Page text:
By Bud Grimes
If you stand atop Fish Gap Hill in Obion County, Tennessee, a peaceful scene spreads before you. The floodplain sprawls westward toward the Mississippi River, and Reelfoot Lake rests placidly among acres of southwestern Kentucky and northwestern Tennessee farmland. But beneath the surface lies the potential to change all that.
A series of earthquakes in 1811 and 1812 formed Reelfoot Lake and arranged the landscape as we see it today. Could it happen again? Experts agree it’s not so much a question of if it will happen as when.
Preparedness will largely determine how the region fares in a quake’s aftermath, says Dr. Stan Dunagan, a UT Martin earthquake authority. Dunagan (Martin ’93, Knoxville ’98) sometimes takes students to Fish Gap Hill. There he can do more than teach them about earthquakes; he can show them where portions of the bluff gave way under the rolling force of the long ago quakes. Back in his geology classroom, he uses a simple illustration to explain a complex set of actions that lead to earthquakes. It’s like bending a pencil, he says: apply force and the pencil bends. Apply enough force and it will crack.
“Rocks act that way when enough force is placed on them. Just like that pencil will break, the rocks will eventually break,” he says. “And when rocks break, they release energy. That release of energy is an earthquake.”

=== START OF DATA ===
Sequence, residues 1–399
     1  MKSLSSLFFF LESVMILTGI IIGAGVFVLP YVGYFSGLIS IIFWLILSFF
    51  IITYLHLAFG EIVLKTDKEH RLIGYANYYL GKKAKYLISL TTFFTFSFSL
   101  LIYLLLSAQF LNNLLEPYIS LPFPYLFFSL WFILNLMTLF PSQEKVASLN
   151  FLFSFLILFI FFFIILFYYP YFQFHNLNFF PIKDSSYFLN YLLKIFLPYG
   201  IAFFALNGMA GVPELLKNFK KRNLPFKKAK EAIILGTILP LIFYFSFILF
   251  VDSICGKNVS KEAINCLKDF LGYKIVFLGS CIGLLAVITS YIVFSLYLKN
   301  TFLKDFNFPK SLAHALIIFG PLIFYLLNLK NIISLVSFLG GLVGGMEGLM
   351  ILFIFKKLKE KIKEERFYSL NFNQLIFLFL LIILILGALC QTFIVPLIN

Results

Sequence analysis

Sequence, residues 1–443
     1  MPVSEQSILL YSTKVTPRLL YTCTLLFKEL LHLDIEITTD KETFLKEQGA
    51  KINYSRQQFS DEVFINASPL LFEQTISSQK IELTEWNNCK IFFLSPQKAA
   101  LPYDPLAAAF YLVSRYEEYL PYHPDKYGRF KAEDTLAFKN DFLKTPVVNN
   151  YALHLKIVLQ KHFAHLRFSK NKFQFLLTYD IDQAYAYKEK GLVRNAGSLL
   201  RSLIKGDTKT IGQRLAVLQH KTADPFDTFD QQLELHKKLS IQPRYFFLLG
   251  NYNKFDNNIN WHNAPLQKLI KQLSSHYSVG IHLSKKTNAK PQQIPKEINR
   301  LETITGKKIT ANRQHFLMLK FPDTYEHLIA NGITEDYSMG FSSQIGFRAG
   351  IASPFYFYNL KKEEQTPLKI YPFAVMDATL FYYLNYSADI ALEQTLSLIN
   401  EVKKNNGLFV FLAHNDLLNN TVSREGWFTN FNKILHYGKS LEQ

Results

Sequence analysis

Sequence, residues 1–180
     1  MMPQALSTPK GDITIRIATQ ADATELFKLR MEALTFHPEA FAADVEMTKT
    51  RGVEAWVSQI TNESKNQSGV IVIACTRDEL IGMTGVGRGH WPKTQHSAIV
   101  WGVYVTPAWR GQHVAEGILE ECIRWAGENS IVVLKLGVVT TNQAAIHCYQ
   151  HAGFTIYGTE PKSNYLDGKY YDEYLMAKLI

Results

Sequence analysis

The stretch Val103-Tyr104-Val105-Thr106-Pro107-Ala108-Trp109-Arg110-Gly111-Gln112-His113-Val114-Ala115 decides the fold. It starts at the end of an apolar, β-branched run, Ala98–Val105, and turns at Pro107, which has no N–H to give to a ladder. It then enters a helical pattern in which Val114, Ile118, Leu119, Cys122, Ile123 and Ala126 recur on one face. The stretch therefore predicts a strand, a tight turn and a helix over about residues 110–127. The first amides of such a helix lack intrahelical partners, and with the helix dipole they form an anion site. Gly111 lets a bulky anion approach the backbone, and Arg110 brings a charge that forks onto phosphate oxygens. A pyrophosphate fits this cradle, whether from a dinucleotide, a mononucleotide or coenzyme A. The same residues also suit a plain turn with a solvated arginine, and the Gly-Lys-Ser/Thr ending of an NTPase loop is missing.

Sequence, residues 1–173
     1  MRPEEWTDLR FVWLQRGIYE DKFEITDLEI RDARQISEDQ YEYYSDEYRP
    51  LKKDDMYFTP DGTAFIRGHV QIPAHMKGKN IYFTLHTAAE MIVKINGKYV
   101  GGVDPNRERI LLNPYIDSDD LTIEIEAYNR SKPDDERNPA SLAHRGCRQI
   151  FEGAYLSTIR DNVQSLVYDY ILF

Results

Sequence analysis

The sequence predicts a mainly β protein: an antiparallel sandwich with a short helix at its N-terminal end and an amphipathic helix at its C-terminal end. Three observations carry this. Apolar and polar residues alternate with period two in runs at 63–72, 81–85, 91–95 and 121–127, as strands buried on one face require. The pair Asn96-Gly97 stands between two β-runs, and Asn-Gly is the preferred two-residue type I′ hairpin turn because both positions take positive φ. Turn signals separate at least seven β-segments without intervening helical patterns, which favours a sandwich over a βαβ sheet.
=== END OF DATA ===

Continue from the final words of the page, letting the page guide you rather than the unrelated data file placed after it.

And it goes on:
Quakes occur all the time, whether people feel them or not, Dunagan says. In fact, the New Madrid Seismic Zone, which includes West Tennessee, has the greatest amount of seismic activity and the greatest potential for large quakes in the eastern United States. “Interestingly, East Tennessee is second [the East Tennessee Seismic Zone],” he says. “They don’t have big earthquakes, but they have lots of very small ones, magnitude typically less than 2.0. There are lots of faults in East Tennessee.” The U.S. Geological Survey (USGS, http://www.usgs.gov) recorded 25 earthquakes from March to July 2008 in East Tennessee, a fact that may surprise a lot of people, Dunagan says. Middle Tennessee stands on firmer footing. Based on history and available geologic information, that area is the least likely of the Volunteer State’s three grand divisions to experience a disastrous quake.
West Tennessee, more than any area of the state, faces significant consequences from a large-magnitude temblor. “Geologists view the New Madrid Seismic Zone as one that’s low probability but high consequences,” Dunagan says. “In other words, if there is an earthquake, there’s a chance it could be a big one.”
USGS and the University of Memphis maintain the Center for Earthquake Research and Information at the Memphis campus. The center says the probability of an earthquake measuring 7.7, which is comparable to the 1811–12 quakes that formed Reelfoot Lake, occurring over the next 50 years is 7 to 10 percent.
As for the location of greatest damage if such a quake occurs, Dunagan says, “It depends.” He sketches the shape of the New Madrid Seismic Zone as a crooked S that begins in the Missouri Bootheel and Western Kentucky and winds south to Memphis. The scope of damage would be determined by where the earthquake occurred along the fault, he says. “It’s certainly possible that it would occur along faults that we already have identified, but there may be additional faults that we’re not aware of that it could occur along.